A redundant manipulator is a part of a robot. It is hard to locate every joint angle in the desired state at first. It is not efficient for adjusting the positions of joint angles through self-movement. However, most of the above repetitive motion plans and different neural solvers, which are mainly for ideal initial state, do not consider the deviations of manipulators. These models of repetitive motion planning based on pseudo inverse and asymptotic convergent dynamic recurrent neural networks have been studied by many researchers. Few studies are reported for finite-time repeatable motion controlling when the joint angles are deviated from the initial desired position at first [23]. In the literature [24], only a new type of terminal neural network is researched for solving motion scheme of ZNN, which has been designed from the perspective of controlling. In [25], initial deviations of joint angles are considered. The optimization performance indices is still based on infinite-time convergence, and only the neural solver for motion scheme is designed for finite-time convergence.

The remainder of this paper is organized as follows. The kinematic equations of redundant manipulators are established in Section 2. Section 3 gives out the optimal programming index, and a repeatable motion scheme of manipulators is formulated and analyzed. In Section 4, a terminal recurrent neural network algorithm is proposed to solve the mentioned motion scheme. In Section 5, simulation results on two different path trajectories with Katana6M180 manipulators verified the effectiveness and superiority of the repeatable motion scheme and the terminal neural solver. Finally, remarks and conclusions are presented in Section 6. The main contributions of this paper are summarized in the following aspects:(1)A new optimal programming index for repeatable motion planning of redundant manipulators is exploited. It is the first time to use this performance index, which can ensure the joint angles back to their initial desired positions in finite time no matter considering the initial state of each joint of the manipulators.(2)A special kind of neural model based on recurrent neural networks is presented to solve the repeatable motion scheme. The activation of the neural solvers has adopted limited-value function, which is applicable in practical application problems.(3)Two different tracking tasks with redundant manipulator Katana6M180 are introduced to illustrate the superiority and effectiveness of the proposed repeatable motion scheme. Comparison results of various repetitive motion schemes are visualized in the end.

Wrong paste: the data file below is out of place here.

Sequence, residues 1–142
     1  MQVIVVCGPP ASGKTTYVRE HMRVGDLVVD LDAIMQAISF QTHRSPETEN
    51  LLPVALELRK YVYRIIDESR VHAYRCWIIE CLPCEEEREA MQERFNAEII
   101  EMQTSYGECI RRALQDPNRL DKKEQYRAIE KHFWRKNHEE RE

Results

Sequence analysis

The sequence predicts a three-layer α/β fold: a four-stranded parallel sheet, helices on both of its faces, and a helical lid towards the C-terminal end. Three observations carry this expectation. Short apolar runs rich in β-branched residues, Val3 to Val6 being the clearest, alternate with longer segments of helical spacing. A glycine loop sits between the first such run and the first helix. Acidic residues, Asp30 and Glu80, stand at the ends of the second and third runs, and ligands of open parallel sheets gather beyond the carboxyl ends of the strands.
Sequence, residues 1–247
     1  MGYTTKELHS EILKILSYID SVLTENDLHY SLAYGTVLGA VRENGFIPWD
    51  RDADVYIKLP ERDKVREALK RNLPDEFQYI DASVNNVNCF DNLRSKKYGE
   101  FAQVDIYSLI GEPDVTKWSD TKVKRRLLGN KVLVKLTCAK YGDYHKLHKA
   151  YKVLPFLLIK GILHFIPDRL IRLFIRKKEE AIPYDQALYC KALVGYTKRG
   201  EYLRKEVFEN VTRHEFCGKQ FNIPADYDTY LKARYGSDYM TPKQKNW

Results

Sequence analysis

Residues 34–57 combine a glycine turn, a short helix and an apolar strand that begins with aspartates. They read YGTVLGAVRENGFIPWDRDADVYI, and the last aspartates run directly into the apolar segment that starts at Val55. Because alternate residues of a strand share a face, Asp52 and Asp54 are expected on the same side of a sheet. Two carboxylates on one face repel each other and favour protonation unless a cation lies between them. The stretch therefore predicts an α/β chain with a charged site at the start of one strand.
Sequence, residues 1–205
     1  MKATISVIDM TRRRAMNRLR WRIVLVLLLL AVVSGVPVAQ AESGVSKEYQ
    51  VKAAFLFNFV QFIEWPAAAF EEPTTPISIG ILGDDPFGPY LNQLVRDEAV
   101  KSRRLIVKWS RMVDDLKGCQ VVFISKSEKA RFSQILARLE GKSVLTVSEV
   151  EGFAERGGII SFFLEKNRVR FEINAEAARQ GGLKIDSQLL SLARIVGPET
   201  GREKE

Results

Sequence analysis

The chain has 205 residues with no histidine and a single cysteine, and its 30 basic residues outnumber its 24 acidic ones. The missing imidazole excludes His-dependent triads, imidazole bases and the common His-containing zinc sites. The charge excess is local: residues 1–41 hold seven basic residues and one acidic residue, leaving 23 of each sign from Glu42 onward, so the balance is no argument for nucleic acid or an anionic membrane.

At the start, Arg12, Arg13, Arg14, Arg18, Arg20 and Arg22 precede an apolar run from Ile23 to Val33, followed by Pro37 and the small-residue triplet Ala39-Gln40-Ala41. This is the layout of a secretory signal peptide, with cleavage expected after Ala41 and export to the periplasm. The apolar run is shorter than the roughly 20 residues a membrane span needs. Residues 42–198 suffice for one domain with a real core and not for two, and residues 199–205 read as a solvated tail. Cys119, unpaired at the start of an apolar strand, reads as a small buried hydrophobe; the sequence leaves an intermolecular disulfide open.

#### 2. Kinematic Structure of Katana6M180 Robot Arm

In this section, a redundant manipulator Katana6M180 model has been set up for illustrating the effectiveness of the proposed repeatable motion scheme. The mechanical structure of the Katana6M180 robot arm is shown in Figure 1. The Katana6M180 robot arm is composed of five degrees of freedom (DOF) with three-DOF elbow for revolute joints, two-DOF wrist for revolute joints, and a gripper connected to the end-effector. The range of angular motion of Katana6M180 is displayed in Table 1. From the Table 1, joint is the angle between horizontal line and link 1 , joint is the angle between link 2 and link 3, joint is the angle between link 3 and link 4, and joint is the angle between link 4 and link 5. Joint is between motor 5 and motor 6. In Table 1, it is shown that the rotation and extension of the joint angles are limited by the mechanical arm itself.